They were not isolated efforts; they were a sustained quest for regional domination. So argue Hunt and Levine in their look at America’s four wars in Asia during the 20th century: conflicts with the Philippines (1899-1902), Japan (1941-45), Korea (1950-53) and Vietnam (1965-73). This pattern of engagement, the authors contend, offers profound lessons regarding current U.S. involvement in the Middle East and Central Asia.
|Jewish Major Leaguers in Their Own Words
By Peter Ephross, M.A.’93, with Martin Abramowitz
McFarland & Company, $35
The roster goes well beyond Sandy Koufax: Between 1870 and 2010, no fewer than 165 Jewish Americans played Major League Baseball. Ephross’ volume collects the oral histories of 23 of them, including lesser-known players like Cal Abrams and Lou Limmer alongside such stars as Hank Greenberg and Al Rosen. Their personal reminiscences offer an engaging look at what it’s like to be a Jewish athlete in big-league ball.
|Painting the Corners: A Collection of Off-Center Baseball Stories, Volume I
By Bob Weintraub ’55
Iguana Books, $17.99
Longtime Fenway enthusiast Weintraub has penned a collection of short stories that revolve around baseball, told from a variety of perspectives — player, fan, broadcaster, owner, coach. In a clever twist, each story is prefaced by a sly real-life quotation, like this one from former Red Sox manager Jimy Williams: “In retrospect, you are always looking back.”
|A Bench in London: The Story of an American Soldier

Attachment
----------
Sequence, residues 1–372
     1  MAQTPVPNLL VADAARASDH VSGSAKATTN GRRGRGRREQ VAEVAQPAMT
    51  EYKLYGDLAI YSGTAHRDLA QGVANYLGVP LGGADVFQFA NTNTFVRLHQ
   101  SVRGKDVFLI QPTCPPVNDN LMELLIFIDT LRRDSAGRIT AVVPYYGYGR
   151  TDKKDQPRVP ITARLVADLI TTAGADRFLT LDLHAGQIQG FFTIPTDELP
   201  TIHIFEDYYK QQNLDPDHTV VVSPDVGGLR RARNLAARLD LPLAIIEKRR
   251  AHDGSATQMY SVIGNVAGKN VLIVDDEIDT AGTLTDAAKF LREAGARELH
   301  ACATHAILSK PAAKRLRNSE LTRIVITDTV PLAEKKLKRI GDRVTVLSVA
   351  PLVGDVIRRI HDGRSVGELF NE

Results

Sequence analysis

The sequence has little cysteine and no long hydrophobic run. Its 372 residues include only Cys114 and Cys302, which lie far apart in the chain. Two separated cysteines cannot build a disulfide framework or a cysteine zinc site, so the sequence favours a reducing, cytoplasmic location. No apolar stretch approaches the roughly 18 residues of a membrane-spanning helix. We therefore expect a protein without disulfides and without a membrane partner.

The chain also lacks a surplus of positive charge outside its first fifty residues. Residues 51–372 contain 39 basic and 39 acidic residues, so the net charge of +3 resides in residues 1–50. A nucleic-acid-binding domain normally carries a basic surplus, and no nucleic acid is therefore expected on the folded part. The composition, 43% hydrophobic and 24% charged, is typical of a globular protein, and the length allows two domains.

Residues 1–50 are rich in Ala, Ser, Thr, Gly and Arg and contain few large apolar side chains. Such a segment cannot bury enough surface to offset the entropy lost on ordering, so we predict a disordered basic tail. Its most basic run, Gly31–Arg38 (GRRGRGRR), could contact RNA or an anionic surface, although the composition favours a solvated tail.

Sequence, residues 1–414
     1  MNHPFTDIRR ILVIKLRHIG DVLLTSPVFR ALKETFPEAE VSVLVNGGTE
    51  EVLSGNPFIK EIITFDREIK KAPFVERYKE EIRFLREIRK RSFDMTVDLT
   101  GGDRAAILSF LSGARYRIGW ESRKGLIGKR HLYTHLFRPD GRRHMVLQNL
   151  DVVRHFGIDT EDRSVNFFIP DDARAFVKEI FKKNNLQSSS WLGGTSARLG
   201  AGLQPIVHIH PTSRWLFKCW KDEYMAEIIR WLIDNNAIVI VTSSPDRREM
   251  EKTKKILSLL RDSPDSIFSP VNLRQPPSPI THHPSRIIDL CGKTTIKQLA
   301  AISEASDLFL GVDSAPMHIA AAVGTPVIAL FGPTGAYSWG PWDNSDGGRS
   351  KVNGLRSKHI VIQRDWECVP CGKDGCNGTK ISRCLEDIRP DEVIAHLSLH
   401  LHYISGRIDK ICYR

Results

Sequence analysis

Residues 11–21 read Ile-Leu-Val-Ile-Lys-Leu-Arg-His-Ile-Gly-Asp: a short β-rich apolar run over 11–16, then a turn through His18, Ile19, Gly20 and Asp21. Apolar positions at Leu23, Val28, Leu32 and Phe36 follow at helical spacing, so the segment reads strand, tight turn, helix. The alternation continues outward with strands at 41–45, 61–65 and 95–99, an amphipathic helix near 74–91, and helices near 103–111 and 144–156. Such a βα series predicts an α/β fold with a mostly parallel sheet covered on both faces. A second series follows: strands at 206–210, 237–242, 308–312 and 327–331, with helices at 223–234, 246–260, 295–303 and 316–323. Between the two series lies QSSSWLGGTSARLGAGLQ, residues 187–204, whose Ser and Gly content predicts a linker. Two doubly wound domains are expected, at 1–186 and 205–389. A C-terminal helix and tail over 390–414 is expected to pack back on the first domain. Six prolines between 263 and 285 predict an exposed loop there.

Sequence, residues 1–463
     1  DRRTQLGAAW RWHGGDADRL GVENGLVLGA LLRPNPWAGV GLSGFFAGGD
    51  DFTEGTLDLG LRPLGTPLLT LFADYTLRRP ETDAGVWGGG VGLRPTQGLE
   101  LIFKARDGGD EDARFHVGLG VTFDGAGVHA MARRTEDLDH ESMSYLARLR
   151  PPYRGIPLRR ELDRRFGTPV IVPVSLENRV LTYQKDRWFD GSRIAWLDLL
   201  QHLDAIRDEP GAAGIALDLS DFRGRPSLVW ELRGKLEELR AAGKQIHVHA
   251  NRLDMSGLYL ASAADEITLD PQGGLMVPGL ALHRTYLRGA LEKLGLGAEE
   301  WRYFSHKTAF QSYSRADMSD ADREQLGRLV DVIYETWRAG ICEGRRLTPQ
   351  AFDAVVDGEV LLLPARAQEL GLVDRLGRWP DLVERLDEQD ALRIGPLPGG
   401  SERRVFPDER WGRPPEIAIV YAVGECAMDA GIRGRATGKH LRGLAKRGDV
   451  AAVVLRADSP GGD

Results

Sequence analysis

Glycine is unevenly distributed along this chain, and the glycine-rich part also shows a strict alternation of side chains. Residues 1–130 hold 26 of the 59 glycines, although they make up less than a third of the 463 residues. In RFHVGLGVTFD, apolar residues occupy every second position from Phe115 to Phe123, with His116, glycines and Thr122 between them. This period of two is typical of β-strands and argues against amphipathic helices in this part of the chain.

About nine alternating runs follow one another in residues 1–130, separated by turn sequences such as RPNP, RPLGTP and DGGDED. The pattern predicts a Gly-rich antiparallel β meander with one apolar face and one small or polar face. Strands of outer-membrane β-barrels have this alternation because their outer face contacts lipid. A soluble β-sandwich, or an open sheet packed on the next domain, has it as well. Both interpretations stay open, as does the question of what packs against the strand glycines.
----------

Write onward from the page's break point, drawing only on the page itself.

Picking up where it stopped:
By Carolyn Feigenbaum ’55
Feigenbaum wrote this illustrated children’s book in honor of her uncle, Selig Altschul (fictionalized here as “Zelig Oldeschool”), who loved sitting under the trees of Berkeley Square when he was a U.S. soldier in London during World War II. After his death, Zelig’s family memorializes his affection for London with a bench plaque, just as Selig’s loved ones did. A charming story about the importance of remembering the people and places that matter.
|The New Jewish Leaders: Reshaping the American Jewish Landscape
Edited by Jack Wertheimer
Brandeis University Press, $39.95
“As we look ahead into the next century,” said Bill Gates fifteen years ago, “leaders will be those who empower others” — an assessment with which the authors of the essays included in this compilation would surely agree. The book takes the measure of today’s young Jewish leadership — defined here as those between the ages of 22 and 40 — from their attitudes and background, to their view of the Jewish agenda, to their reliance on the Internet in their activism and stewardship.
|Jews Welcome Coffee: Tradition and Innovation in Early Modern Germany
By Robert Liberles
Brandeis University Press, $35
For a unique lens on early modern Jewish culture, look no farther than your neighborhood coffeehouse. Studying the consumption and commercialization of coffee in 18th-century Germany offers many surprising insights into Jewish life at the time, reports Liberles, who teaches European history at Ben Gurion University. What was then a new beverage serves as “an almost perfect symbol of the advent of new times,” he writes. Liberles’ lively, original take provides a bracing jolt of quotidian detail about how social change gets brewed.